For instance, large wax structures tend to hold water droplets above the leaf surface, creating large contact angles Holloway Likewise, hydrophobic wax constituents, such as alkanes, secondary alcohols, ketones, and esters, create high surface water contact angles and would shed water more efficiently than leaf surfaces covered with less hydrophobic compounds, and thereby indirectly decrease susceptibility to foliar fungal pathogens. Whether differences in surface wettability in turn affected spore germination and pathogen development were not investigated.

A variety of chemical constituents have been observed to diffuse from internal tissues to the plant surface. For example, simple sugars, amino acids, organic acids, growth regulators, vitamins, alkaloids, and phenols have all been found within water droplets on plant surfaces Blakeman In fact, competition for nutrients on leaf surfaces may limit spore germination of certain plant pathogens Blakeman As a barrier to water movement, epicuticular waxes also have the potential to influence the diffusion of nutrients, growth factors, and antifungal compounds phytoalexins to leaf surfaces, but this has not been examined in detail.

Mechanical removal of plant epicuticular waxes has been shown to influence fungal development. For example, Cruikshank demonstrated that formation of the penetration peg and hyphae development of Colletotrichum gloeosporioides were enhanced by removal of surface waxes from tomato Lycopersicon esculentum Mill fruit. This effect was thought due to increased diffusion of nutrients and plant substances that stimulated fungal metabolism Cruikshank Studies to measure the amount of fungi-active compounds that diffuse through plant 16 M.

ASHWORTH wax and cuticle layers of various thickness, especially those of genetically similar lines, may provide an effective means of elucidating what role these surface lipids play in determining the amount of plant leachates that actually diffuse onto plant surfaces. Presumably, the diffusion of pathogen-derived compounds into plant organs would also be affected by properties of epicuticular waxes. Epicuticular Waxes and Phytophagous Insects As the interface between insect pests and potential hosts, epicuticular waxes play an important role in plant-insect interactions.

Chapman and Bernays proposed that all phytophagous insects make some sensory examination of plant surfaces prior to feeding, and several thorough reviews on the effects of plant epicuticular waxes on insect feeding and behavior are available Woodhead and Chapman ; Juniper ; Eigenbrode and Espelie ; Eigenbrode The observations that chemical and physical properties of surface waxes can alter the interactions between insect pests and crop plants has important agricultural implications and has been an active area of research.

Feeding-related behaviors of many insects are inhibited on plant surfaces that have thick coatings of epicuticular wax crystals. For example, mature leaves of two Eucalyptus species E. These differences were apparently due to developmental differences in epicuticular wax coatings.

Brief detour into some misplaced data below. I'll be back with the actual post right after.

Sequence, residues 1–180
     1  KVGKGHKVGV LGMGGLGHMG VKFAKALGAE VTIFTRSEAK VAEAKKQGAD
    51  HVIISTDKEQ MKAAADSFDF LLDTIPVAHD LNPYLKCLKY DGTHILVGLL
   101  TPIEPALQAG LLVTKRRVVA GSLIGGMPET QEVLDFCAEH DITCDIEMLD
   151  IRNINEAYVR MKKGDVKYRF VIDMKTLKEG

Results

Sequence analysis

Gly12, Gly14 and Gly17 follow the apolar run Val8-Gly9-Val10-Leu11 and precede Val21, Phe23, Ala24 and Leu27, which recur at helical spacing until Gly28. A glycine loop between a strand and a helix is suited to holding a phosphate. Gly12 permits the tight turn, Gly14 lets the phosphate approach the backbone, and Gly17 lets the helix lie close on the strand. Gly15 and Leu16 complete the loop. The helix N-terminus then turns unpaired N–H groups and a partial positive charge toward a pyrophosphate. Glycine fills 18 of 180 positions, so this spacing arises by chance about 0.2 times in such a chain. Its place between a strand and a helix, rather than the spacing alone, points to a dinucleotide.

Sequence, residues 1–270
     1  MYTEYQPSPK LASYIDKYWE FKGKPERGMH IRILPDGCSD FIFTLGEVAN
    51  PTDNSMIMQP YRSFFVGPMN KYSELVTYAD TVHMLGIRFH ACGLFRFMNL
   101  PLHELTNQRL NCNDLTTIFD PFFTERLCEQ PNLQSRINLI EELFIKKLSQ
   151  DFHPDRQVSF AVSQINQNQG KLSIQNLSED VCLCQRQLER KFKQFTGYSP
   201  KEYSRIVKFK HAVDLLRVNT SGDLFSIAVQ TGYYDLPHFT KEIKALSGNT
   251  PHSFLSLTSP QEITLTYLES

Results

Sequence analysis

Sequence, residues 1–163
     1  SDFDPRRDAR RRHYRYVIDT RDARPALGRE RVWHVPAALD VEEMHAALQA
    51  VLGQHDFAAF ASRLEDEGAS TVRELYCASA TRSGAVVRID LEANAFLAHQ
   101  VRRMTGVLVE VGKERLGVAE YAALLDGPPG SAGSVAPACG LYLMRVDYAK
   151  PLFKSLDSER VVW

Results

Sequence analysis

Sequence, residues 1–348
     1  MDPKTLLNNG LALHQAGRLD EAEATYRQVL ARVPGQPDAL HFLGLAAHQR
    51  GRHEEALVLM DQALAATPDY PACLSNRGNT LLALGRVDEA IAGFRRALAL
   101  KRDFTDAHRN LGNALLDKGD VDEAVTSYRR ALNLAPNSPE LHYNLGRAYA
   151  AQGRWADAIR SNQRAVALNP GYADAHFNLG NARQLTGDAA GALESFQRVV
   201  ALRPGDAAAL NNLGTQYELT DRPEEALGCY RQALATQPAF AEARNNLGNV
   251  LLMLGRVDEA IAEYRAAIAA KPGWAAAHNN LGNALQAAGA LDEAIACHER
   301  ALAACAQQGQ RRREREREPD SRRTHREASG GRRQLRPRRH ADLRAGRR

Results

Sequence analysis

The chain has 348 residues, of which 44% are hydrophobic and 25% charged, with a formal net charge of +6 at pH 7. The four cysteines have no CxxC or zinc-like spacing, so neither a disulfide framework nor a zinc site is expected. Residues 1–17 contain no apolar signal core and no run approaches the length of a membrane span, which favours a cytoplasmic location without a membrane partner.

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The juvenile Eucalyptus leaves had a glaucous coating created by dense epicuticular wax crystals, whereas the adult leaves had a nonglaucous surface with reduced amounts of wax crystals. Experimental observations showed that beetles clung less effectively onto the glaucous juvenile leaves compared to the nonglaucous adult leaves. Reduced clinging efficiency meant less time spent by the beetles feeding and ovipositing on juvenile Eucalyptus leaves. Setae on mustard beetle tarsi appear adapted for clinging to smooth plant surfaces, since wax particles tended to accumulate on the beetle's setae and inhibit insect movement.

Likewise, studies by Mulroy suggested that the glaucous ecotypes of Dudleya britonii Johans. Whether, in fact, properties of surface waxes were the basis for pyralid 1. Additional evidence for the role of epicuticular waxes in inhibiting insect feeding behaviors came from studies on cabbage and rape. In the same manner, mechanical removal of the waxy bloom from cabbage and rape increased feeding by flea beetles, P. Similarly, polishing or rinsing glaucous surfaces with solvents to remove wax deposits increased ovipositing on cabbage leaves by both diamondback moth Plutella xyJostella L.

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Prokopy et al. In many plant-insect associations, it is a reduction in epicuticular wax crystals that impedes the selection of host plants by phytophagous insects. Likewise, the populations of cabbageworm larvae Pieris rapae L. When ovipositional nonpreference was removed as a factor by artificially infesting leaves with both cabbageworm larvae and eggs, the glossy lines were still more resistant than the normal glaucous lines to both insect species. Similarly, glossy cabbage lines exhibited reduced survival of diamondback moth larvae when compared to the wildtype glaucous lines in the field Eigenbrode et al.